Refine your regional market value estimate to determine the market value for your skillset and experience at a particular company.
I don’t recommend asking your peers for this information, but you may already know it or be able to infer it from water cooler conversations.
Most companies (especially in the United States) frown upon openly discussing salaries. This is partly why: if you know what your peers—people doing your job, at your company, in your geographic region—are making, then you have a pretty good sense of what you should be making too.
There’s not much to say in terms of how to figure out what the average person doing your job for your company is making—you either know or you don’t. You may be able to discern others’ salaries just from paying attention to watercooler conversations, or you may be able to estimate what they’re making if you know, for example, that they came into the company at the same time you did, making the same salary you did. People will often talk openly about their merit increase amounts, so you might be able to estimate what they’re making now based on your knowledge of their starting salary and what sort of merit increases they’ve gotten since then.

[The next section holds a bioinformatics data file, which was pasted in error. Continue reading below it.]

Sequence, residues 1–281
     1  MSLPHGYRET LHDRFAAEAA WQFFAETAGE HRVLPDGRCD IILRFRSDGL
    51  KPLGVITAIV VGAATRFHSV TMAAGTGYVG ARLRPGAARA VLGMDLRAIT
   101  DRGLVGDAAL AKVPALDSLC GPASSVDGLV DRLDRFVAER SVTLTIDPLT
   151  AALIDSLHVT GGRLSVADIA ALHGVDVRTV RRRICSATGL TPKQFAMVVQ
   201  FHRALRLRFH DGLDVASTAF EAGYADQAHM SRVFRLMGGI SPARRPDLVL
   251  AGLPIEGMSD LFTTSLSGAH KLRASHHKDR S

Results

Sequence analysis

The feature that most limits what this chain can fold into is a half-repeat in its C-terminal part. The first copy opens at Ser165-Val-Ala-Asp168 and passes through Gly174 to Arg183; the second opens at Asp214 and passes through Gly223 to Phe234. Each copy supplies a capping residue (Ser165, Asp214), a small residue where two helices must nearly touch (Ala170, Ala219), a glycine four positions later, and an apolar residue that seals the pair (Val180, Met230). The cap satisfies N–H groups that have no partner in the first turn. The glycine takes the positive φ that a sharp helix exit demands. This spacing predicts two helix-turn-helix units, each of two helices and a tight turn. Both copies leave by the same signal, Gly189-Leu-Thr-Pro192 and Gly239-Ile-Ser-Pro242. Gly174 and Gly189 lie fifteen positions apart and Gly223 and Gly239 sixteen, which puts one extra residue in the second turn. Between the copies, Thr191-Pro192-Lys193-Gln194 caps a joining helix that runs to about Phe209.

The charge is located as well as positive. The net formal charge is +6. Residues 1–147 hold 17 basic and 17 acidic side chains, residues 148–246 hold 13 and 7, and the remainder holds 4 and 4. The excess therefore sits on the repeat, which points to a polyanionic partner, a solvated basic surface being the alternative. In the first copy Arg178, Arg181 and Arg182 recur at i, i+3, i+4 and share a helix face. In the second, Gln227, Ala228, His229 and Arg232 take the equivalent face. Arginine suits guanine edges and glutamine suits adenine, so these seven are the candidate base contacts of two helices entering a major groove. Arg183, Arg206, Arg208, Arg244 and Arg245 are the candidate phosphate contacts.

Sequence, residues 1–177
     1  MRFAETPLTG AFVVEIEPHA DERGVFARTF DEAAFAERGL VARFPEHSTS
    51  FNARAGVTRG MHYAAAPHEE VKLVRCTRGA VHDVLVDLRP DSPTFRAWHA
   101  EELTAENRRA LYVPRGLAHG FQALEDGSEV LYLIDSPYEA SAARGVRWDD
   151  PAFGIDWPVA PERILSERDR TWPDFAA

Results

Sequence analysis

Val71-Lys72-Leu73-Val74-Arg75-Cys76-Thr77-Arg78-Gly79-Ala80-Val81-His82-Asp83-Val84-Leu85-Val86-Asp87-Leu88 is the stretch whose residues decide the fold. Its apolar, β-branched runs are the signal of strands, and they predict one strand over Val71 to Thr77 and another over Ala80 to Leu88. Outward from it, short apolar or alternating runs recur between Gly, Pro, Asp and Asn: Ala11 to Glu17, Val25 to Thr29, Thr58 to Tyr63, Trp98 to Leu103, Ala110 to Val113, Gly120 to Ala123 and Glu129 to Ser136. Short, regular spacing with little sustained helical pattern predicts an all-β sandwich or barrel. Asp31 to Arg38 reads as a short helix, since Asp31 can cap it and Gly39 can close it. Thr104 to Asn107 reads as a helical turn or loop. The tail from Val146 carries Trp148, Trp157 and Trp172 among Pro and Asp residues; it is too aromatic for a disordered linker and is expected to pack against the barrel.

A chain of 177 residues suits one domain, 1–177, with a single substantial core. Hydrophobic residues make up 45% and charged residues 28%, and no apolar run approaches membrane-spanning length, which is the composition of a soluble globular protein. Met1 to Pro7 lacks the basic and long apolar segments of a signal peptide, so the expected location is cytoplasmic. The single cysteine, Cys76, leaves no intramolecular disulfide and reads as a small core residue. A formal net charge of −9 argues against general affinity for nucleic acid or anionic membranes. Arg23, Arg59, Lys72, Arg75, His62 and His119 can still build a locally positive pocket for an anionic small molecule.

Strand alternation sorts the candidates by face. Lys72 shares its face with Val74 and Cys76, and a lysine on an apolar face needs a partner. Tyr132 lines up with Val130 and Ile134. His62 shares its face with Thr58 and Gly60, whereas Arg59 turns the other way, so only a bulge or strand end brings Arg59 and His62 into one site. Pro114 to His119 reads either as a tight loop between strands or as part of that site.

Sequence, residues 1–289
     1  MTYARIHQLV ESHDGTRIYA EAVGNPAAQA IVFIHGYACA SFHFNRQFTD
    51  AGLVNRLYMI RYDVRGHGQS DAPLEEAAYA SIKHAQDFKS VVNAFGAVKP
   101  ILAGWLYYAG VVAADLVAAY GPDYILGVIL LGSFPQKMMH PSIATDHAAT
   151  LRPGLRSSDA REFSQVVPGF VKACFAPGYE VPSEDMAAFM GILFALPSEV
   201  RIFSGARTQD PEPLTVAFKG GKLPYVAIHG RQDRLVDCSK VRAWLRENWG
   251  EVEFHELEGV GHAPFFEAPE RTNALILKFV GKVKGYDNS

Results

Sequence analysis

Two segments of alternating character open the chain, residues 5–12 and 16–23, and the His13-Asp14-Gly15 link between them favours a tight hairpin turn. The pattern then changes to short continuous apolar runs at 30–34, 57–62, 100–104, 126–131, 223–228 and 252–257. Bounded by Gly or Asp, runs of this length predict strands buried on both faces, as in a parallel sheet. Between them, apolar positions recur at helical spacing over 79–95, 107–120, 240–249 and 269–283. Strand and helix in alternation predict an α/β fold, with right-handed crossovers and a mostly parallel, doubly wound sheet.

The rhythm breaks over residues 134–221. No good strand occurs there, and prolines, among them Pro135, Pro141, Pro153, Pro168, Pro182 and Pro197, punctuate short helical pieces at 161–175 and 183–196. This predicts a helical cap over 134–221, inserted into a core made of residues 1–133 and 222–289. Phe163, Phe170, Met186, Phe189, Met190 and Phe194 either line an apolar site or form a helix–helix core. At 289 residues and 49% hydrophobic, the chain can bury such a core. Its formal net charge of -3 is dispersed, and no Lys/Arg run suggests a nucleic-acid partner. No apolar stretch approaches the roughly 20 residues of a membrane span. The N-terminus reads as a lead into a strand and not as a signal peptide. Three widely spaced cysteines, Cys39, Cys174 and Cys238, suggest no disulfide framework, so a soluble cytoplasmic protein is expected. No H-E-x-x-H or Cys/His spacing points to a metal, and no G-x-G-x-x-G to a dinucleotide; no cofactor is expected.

It should be pretty easy to determine how you compare to the average person doing your job for your company. You might work directly with many of those peers, so you can observe them doing the job. As objectively as possible, think about how you stack up. Is your work better than theirs? Worse? Are you faster than they are? Slower? Do you do more things than they do? Fewer?
This is very subjective, so you’ll need to work hard to be honest with yourself. But this is a good chance for you to understand how you stack up against your peers.
Note that I’m not advocating all-out competition with your peers at your company. You are competing for resources (money) with them and everyone else in your company, but you still want to cultivate a positive working environment. You’re not looking for opportunities to go head-to-head with your peers—you’re just trying to understand how the value you add to the company compares to theirs so that you can estimate how high a salary you can shoot for when negotiating your salary.
Next, look at all the data you have gathered to answer the question “What should my salary be?”
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I'm Josh Doody, a professional salary negotiation coach who helps Senior Software Engineers and Engineering Managers negotiate job offers from big tech companies. On average, Software Engineers and Engineering Managers improve their first-year compensation by $47,273 with my help.
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